Every couple has their “how we met” story. Maybe you both reached for the same head of broccoli at the farmer’s market, were stuck in line at the local coffee shop on a particularly slow day, were introduced by friends, or you met on Tinder.
For me, I was on the tail end of a five-day bender in honor of finishing grad school. A mutual friend was visiting and I couldn’t not go see the guy. We were introduced by said mutual friend JD and for the rest of the night, now Mrs. Madoff tried to relentlessly use her girl-card to attempt to acquire free drinks (she was way too drunk for more booze). Towards the conclusion of a night filled with sloppy dancing, I told her, “I’m heading home you can come if you want.” She slept over, we had the awkward “what do we do now” moment when we woke up, and then I suggested driving across state lines to go to Waffle House after knowing her for 10 hours. So, you know the foundation is rock solid. For me, it’s been a breath of fresh air, mainly due to her willingness to party and do fun things with me.
Postgrad relationships are a weird animal. Like the commentary in Wedding Crashers where Vince Vaughan went on a long diatribe about why he hates dating, I feel it has become even more complicated. Many of my idiot friends have latched onto the first guy or girl willing to commit to “being a couple” while neglecting the obvious red flags. Some people are more willing to jump into something, whereas others want to play the field, waiting for a Mr. or Mrs. Perfect that does not exist. Others stay in their relationship because it is “comfortable” and the world is a big scary place. This is a precarious situation that many run blindly into and come out the other side chewed up, spit out and jaded as hell (I should know because I’ve done it).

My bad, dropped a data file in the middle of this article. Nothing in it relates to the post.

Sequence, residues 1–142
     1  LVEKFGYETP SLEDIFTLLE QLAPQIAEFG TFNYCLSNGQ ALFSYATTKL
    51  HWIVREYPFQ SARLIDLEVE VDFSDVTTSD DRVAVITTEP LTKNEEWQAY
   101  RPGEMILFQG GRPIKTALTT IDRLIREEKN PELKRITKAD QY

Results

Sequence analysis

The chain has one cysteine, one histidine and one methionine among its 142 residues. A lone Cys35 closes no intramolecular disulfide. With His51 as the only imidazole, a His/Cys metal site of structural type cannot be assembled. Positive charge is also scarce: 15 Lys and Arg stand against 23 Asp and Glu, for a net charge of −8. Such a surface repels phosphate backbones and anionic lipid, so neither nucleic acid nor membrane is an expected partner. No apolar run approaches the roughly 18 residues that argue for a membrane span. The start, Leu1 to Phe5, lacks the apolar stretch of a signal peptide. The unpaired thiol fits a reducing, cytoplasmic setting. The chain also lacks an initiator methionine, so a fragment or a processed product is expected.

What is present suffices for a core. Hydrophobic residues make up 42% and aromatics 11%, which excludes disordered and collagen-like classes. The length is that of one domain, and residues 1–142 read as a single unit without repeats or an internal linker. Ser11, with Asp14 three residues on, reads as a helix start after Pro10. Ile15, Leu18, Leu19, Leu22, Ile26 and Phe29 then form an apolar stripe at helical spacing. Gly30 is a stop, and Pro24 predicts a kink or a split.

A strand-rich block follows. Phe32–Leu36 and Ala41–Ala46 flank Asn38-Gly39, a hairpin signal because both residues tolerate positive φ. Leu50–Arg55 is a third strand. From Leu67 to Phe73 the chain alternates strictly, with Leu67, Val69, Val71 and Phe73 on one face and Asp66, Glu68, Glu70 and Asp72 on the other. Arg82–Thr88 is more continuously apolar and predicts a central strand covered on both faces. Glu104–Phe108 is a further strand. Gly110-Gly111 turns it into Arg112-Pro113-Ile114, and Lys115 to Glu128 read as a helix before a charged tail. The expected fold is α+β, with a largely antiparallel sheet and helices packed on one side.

Having commonalities on a variety of levels is a very underappreciated trait. The adage, “opposites attract” is pure garbage outside of magnets (how do they work?). In college, I dated a girl that didn’t like to go out or do anything outside of reading “Game of Thrones.” We were often “complimented” that her quiet demeanor and my outgoing personality “went well,” but I hated it. I felt trapped, and I needed someone to do stuff with. Cue a large blowout fight, break up and an ugly friend division. We’ve all stayed too long in a relationship, but being young and stupid often lends itself to dragging your feet.
Alcohol has often been the cause of and solution to most of my life problems, so the fact that we met under such circumstances is par for the course. As someone well versed in the postgrad party, it’s nice to have someone who enjoys a good time, whether it be tailgating, a friendly get together or a good ol’ fashioned rager. We have many other things in common, but being able to let loose together has led to many bonding moments, like carrying her a mile home on my back due to a blown out flip flop, drunkenly finding and helping a stranded horseshoe crab in Ocean City and our yearly traditions like Shibmas/Thanksoween/etc. We’ve had blow out fights and drunken heart-to-hearts, but it’s safe to say that the couple that parties together, stays together.
I firmly believe in spending time together fucked up and that partying together has grown our relationship. Maybe it’s how I was raised: my parents would often go out together and on more than one occasion, I had to DD. They would often go out separately and end up at the same place or meet at home; no jealousy, no “where have you been?”, just two people in search of a good time. Life is too short to not live a little every once in a while, together..